The funding is distributed to all partners involved depending on the size of the projects. There are currently around 100 research projects in the cluster, all dealing with different topics. New partners that can introduce sustainable ideas are also welcome.
For which industries is the bio-economy particularly of interest?
A cross-sector approach results in links for numerous industrial sectors. The forestry and agriculture sector serves as suppliers of raw materials for the development of new markets. Waste materials and by-products of the timber industry as well as the pulp and paper industry find new applications as raw materials and aggregates. The construction industry can also benefit from resource-efficient new materials. The chemical and plastics industry can replace fossil fuels with renewables in the long term. Even the cosmetic and pharmaceutical industry has used increasingly more bio-based materials and methods. Composite materials and lightweight components made from renewable raw materials are of interest for the automotive industry and its suppliers.
Will there be enough specialist staff for this huge industry in the future?
As in all economic sectors, there will also be a short supply of skilled personnel for the bio-economy in the foreseeable future. To make matters worse, the new processes and new market-based approaches also create new job profiles. This means that the future demand for skilled labour cannot be covered by today's training programmes. Together with the state and federal policies as well as educational institutions, the participants in the BioEconomy cluster are working on new vocational training programmes and areas of specialisation in further education. A step in this direction is the establishment of a new degree course "Pharmaceutical Biotechnology" at the Martin Luther University of Halle-Wittenberg. The concept is currently being developed.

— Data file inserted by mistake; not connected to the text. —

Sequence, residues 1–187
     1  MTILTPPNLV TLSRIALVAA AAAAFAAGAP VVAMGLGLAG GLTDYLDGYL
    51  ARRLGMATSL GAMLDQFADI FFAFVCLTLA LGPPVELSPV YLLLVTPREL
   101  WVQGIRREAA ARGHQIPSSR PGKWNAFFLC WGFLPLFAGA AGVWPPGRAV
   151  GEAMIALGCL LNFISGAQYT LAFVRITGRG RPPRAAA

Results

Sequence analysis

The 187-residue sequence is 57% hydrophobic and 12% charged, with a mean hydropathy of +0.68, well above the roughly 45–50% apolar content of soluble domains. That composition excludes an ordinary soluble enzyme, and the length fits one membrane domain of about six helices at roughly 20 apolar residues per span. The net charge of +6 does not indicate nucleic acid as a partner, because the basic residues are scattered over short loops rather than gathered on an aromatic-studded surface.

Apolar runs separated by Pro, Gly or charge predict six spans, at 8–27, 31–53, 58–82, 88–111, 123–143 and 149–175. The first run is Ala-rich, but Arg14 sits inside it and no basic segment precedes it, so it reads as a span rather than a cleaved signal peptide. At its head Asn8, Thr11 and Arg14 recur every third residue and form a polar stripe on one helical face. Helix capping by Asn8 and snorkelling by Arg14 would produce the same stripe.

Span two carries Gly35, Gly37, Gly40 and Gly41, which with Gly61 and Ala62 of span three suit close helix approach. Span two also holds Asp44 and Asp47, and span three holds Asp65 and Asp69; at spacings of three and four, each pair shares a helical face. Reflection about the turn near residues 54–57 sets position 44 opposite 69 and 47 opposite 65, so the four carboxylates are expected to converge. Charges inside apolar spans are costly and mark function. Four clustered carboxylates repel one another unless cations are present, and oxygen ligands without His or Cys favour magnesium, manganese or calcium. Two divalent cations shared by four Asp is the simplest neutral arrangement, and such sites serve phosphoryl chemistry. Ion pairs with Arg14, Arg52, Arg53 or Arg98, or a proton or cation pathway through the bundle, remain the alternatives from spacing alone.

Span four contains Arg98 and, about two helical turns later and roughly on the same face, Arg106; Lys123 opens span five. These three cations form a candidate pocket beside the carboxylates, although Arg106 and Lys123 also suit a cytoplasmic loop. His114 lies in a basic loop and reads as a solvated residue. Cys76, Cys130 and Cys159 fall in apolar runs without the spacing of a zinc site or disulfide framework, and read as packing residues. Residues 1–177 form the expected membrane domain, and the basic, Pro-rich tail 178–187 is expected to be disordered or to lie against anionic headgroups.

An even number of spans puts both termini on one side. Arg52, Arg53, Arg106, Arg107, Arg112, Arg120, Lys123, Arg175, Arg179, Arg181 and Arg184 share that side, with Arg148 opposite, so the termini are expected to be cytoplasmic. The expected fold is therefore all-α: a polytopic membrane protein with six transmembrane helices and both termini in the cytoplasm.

What needs to change with consumers to that the bio-economy has a chance in the long term? Consumer attitudes have already changed. Consumers have increasingly asked for sustainably produced products and are interested in the materials used. They are even willing to pay more for it. In the future, they must learn to look more closely since sustainably produced products often do not distinguish themselves from conventional products at first glance.
What are your visions for the future of the cluster?
Bio-economy should reach the hearts of consumers. Our research will have paid off when consumers ask for our products. We therefore need to anchor the bio-economy deeply in society.
How long do you estimate that the expansion of the model region of Saxony-Anhalt will develop into a bio-economic region?
It depends on many factors. The bio-economy is tangible when a range of products is available, which can hold its own against conventional products. This can already be successful in smaller niche markets. However, the wide focus of an entire region is more of a generational task. Nevertheless, the bio-based future in Saxony-Anhalt has already begun.
Author: Ines Godazgar
Dr. Horst Mosler
06120 Halle (Saale)
Telephone: +49 (0)345-13 14 27 30